Interesting story, hope I don't bore the hell out of you.

    My grandmother was Bosnian, born in Sarajevo and lived there her entire life.

    In winter of1942 she gave birth to my mother, year of coldest weather in Sarajevo history. 2 years later, in 1944 her father (my grandfather) dies of tuberculosis. German soldiers who were stationed at the attic of the house felt sorry for them: almost every morning one of them would come down from attic, politely knock on kitchen door and offer them bread, chocolate, milk, canned food.....amazing act of humanity.

    Fast forward to 1992, start of Yugoslavia Civil War.

    My grandma is still there, same house as in 1942. This time Sarajevo is under siege by Serbs. From 5th of April 1992 to 29th of February 1996 (1,425 days), non-stop shelling from neighboring mountains, 12,000 dead and 50,000 wounded. The Siege of Sarajevo was the the longest siege of a capital city in the history of modern warfare. The siege lasted three times longer than the Battle of Stalingrad and more than a year longer than the Siege of Leningrad.

    May 1995 - my grandmother dies from hart attack.

    She survived German, Croatian, Serb Nazis, Muslim death squads and all the hell from WW2 but never lived to see Sarajevo liberated again. And from who? The first door neighbors, the people we shared good times, mix marriages, the people who denounced all the bigotry and ethnic intolerance seed planted during WW2. The Serbs.

    How ironic.

    My wife says and she was not joking: no wonder you people are nuts with history like this.

    When my mother received the news of grandmas death she had to reach Sarajevo from Croatia (where we live) and make funeral arrangements. But city is under siege, her brother (my uncle) in rows with Bosnian Army fighting enemy and unable to do anything. Until today I have no clue how my mom managed to reach Sarajevo city center through that secret tunnel built by Bosnian Army under the airport.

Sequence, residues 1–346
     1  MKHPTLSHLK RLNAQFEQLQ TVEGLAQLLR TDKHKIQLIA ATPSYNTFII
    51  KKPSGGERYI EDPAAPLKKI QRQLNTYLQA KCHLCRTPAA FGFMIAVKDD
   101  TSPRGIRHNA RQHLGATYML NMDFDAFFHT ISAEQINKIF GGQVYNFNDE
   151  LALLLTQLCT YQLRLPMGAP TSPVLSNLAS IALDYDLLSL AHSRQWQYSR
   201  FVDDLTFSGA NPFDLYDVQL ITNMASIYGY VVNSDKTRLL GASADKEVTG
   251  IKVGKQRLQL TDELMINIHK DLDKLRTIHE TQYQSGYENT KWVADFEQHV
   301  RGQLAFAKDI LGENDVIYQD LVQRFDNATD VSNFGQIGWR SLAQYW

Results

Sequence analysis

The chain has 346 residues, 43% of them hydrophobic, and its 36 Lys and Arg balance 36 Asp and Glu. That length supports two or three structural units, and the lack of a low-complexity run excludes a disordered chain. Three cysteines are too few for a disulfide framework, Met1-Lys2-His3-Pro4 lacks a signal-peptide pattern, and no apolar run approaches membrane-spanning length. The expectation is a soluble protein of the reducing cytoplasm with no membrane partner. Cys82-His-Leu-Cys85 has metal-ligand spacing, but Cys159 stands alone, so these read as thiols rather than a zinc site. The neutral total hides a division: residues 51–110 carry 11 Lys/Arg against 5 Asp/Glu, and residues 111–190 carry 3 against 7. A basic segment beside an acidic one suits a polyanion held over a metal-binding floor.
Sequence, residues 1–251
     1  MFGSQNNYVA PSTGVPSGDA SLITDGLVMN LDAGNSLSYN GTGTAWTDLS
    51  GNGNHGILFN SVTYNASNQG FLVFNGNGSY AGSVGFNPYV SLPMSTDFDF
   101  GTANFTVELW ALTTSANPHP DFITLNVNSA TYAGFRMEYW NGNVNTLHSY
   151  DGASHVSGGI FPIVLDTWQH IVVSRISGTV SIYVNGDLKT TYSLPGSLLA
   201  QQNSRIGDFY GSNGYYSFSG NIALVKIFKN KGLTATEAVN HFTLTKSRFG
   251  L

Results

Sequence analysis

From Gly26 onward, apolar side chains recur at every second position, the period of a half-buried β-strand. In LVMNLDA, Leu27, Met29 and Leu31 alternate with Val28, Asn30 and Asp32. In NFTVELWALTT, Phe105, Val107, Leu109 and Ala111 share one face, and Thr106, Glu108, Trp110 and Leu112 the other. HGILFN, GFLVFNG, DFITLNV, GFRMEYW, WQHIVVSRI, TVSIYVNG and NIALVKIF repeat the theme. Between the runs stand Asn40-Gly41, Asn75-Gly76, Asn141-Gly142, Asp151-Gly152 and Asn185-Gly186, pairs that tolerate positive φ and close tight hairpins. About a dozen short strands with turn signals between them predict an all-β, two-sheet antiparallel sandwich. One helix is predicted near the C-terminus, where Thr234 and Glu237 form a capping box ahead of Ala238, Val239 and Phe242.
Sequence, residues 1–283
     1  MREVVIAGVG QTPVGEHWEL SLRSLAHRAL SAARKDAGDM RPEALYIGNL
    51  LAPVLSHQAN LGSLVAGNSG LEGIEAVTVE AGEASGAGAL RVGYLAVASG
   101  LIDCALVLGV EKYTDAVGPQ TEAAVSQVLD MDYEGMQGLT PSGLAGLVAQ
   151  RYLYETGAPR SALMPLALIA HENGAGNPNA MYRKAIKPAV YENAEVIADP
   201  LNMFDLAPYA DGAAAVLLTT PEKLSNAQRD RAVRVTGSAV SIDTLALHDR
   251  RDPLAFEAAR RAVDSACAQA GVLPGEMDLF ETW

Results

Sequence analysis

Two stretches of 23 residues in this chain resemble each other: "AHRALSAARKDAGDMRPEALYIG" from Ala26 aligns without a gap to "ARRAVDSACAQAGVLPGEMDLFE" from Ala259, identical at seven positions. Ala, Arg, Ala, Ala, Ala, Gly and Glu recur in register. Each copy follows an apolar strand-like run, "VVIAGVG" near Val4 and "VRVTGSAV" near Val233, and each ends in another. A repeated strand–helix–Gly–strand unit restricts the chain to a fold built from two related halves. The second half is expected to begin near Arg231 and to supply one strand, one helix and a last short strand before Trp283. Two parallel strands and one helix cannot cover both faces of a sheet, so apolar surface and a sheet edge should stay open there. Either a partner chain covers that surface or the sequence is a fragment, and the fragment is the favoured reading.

The tunnel was known as Tunnel of rescue and Tunnel of Hope, constructed between March and June 1993. It was built by the Bosnian Army in order to link the city which was entirely cut off by Serbian forces, with Bosnian-held territory on the other side of the Sarajevo Airport, an area controlled by the United Nations. The tunnel allowed food, war supplies, and humanitarian aid to come into the city, and allowing people to get out. It became a major way of bypassing the international arms embargo and providing the city defenders with weaponry.

    Today, Sarajevo Secret Tunnel is a tourist attraction.

    The actual entrance to the tunnel was through private property belonging to family Kolar.



  18. Goran Phuket

    Goran Phuket Moderator Staff Member

    Latin Bridge, in medieval times connecting Latin (Christian) and Muslim parts of the city was built in 1541.


    Favorite pastime of Sarajevans: chill in cafe, have a drink and sweets and observe the people.
    I could sit like that for hours, so relaxing



    Unlike other countries, in Bosnia you may mingle around the compound and even enter the mosque as a tourist, no problem. Just take your shoes off and be respectful. In most of other (predominantly muslim) countries you would be in whole lot of trouble.